American Airlines and United Airlines want Chicago O’Hare’s expansion that they signed off on in 2018 slowed down – or stopped – as the project runs $1.5 billion over budget. Somehow the carriers are surprised that a massive public infrastructure project, in Chicago no less, is spending far more than originally projected?
And in fact it’s only just the ‘next phase’ where a 24% projected cost overrun totals $1.5 billion more than expected. That’s before construction on the new terminal even starts! The project’s total cost has grown from $8.7 billion to a projected $12.1 billion. So the terminal’s overrun is only one piece of an overall $3.4 billion price increase.
New Terminal Rendering, Credit: City of Chicago
New Terminal Interior Rendering, Credit: City of Chicago
The new project replaces terminal 2, which many Chicago travelers are familiar with because it’s currently where passengers are funneled via airport train to pick up rideshares. The new terminal would handle both domestic and international flights.
It’s unclear whether Chicago’s Mayor will insist that airlines honor the contract or sign off on negotiations for modifying it. American’s performance in Chicago is weaker than United’s, so United could gain territory by playing chicken with American and supporting higher costs. (Historically higher costs in Miami have helped protect American from low cost carrier competition, although that’s been less true in recent years.)
Former Chicago Mayor and current Ambassador to Japan Rahm Emanuel is publicly chastising the two airlines, saying ‘a deal’s a deal’ but they signed off on the deal at a specific price point that’s already out of control, and likely to escalate further. That’s what you get of course with public infrastructure, not least of which in a city like Chicago, so they’re naive to expect costs to line up with original projections.
Current United Airlines Terminal, Chicago O’Hare
Current American Airlines Terminal, Chicago O’Hare
Emanuel suggests that the airlines already got what they wanted – runway work – so the city should get what it wants. And that this is important to remain a competitive hub. It’s a strange take to suggest that runways are less important for maintaining a premier airport.
The point of an airport is to get somewhere quickly, at reasonable cost, not beautiful spaces and high end retail. Aesthetics aren’t worth zero but billions in cost overruns hurt Chicago’s position competing for traffic. It makes some flights unprofitable at the margin and makes other connecting hubs more desirable for airlines to use.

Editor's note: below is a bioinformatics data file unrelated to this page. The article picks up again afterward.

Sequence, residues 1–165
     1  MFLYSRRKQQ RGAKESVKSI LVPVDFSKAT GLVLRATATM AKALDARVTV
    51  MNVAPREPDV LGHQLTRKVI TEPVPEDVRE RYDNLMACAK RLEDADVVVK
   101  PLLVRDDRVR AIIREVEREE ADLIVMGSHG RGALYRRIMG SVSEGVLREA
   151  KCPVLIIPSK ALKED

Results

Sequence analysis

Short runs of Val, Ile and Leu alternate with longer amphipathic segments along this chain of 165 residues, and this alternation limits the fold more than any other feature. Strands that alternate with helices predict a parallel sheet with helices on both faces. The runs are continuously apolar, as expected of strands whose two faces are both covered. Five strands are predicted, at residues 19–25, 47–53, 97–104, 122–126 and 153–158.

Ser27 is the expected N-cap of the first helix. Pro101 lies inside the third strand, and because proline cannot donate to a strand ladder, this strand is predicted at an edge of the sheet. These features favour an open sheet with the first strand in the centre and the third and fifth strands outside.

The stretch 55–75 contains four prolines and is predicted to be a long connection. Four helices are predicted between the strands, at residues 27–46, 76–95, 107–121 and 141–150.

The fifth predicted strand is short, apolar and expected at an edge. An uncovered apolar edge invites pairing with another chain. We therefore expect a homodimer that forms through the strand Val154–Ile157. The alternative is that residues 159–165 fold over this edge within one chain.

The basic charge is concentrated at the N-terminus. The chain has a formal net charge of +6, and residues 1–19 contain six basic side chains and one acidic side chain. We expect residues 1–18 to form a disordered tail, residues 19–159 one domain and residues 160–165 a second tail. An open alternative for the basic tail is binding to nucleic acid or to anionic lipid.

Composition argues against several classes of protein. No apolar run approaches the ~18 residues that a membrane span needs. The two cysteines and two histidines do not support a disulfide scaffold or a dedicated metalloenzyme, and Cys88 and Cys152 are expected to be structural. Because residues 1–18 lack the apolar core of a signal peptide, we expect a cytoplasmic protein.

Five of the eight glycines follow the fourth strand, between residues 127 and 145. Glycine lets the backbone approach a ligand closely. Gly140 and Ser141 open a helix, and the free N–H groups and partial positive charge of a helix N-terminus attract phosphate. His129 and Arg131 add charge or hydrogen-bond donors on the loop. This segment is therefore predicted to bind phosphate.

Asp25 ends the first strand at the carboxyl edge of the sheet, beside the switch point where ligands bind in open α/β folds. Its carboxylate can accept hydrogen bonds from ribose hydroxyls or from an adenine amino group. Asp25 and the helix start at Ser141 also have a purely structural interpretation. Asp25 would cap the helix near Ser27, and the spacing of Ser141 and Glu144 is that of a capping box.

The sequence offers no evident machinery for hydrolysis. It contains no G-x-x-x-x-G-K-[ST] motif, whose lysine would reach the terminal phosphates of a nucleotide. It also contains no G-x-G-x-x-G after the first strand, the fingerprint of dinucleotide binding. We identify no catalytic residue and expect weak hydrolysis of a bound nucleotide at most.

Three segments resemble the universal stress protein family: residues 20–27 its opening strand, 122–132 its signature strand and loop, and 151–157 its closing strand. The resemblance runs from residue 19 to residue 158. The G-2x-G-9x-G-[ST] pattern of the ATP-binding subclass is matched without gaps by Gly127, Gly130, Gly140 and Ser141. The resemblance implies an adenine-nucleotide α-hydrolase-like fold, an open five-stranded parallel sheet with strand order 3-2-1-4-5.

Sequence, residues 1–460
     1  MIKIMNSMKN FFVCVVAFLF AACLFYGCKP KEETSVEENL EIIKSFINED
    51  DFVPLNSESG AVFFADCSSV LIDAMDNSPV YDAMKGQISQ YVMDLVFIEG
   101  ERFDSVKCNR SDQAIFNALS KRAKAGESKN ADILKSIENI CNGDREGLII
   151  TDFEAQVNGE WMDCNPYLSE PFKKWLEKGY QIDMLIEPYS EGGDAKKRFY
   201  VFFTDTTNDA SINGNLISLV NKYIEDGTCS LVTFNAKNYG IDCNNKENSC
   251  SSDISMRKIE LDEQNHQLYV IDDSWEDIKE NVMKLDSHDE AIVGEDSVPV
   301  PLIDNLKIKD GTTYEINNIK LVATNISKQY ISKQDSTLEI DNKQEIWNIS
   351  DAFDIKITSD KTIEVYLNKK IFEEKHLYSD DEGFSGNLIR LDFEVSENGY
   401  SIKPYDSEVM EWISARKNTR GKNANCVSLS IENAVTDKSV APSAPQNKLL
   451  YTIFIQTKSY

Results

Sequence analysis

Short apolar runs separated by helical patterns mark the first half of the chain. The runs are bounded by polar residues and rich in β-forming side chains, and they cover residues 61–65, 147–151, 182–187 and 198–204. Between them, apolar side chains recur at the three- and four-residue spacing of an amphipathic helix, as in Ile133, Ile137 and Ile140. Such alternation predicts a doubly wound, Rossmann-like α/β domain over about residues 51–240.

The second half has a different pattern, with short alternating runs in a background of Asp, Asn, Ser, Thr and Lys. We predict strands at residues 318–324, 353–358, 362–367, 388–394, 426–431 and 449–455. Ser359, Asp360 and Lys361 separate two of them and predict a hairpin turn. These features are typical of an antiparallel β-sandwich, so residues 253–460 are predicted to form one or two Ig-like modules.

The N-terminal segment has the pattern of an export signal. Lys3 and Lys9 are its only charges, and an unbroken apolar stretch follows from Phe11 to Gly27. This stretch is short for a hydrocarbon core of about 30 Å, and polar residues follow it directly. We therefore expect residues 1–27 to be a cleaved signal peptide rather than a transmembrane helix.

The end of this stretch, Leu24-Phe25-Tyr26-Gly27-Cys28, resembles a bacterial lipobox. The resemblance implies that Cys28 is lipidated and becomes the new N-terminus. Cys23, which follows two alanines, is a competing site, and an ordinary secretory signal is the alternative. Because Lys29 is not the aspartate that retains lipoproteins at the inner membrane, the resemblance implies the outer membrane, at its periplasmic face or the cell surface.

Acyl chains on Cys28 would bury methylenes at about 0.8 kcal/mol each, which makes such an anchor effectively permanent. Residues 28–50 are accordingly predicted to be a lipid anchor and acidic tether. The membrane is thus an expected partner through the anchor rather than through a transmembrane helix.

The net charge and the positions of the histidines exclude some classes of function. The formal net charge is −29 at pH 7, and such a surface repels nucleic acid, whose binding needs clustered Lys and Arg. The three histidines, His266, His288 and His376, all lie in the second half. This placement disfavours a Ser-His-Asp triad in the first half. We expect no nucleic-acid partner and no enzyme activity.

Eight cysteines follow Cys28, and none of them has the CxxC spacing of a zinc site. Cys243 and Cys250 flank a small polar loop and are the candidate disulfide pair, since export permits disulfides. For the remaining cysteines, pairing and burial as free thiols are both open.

If anything, the one thing that makes Chicago competitive for consumers choosing to travel through there over other hubs is Tortas Frontera, the only really great food option in a U.S. airport.
Senator Dick Durbin (D-IL) is fuming though of course his interest is both O’Hare airport and roasting the airlines who loudly oppose his effort to cap credit card interchange. United CEO has been especially vocal and derisive towards the legislation. Durbin is seeking federal investigation of frequent flyer program devaluations as retribution as well.
This project was designed to accommodate growth & ensure that O’Hare remains competitive as a world-class airport, undoubtedly providing financial gains to UA & AA as a result. United & American must work in good faith w/ the City to continue w/ TAP as intended.
— Senator Dick Durbin (@SenatorDurbin) December 1, 2023
Meanwhile do we really believe United is going to pay for the new terminal at Dulles? Scott Kirby clearly thinks the concourse they operate from which was supposed to be temporary when it was built 40 years ago is good enough.
And American won’t even do a full investment at its DFW airport home. The new terminal there is only being partially built, with no check-in or security, and the C terminal is getting a refresh even though the head of the airport said it is silly to do that on the 50 year old building. The DFW CEO had argued for building a new terminal and using that capacity to tear down and rebuild C, using that as the effective airport expansion.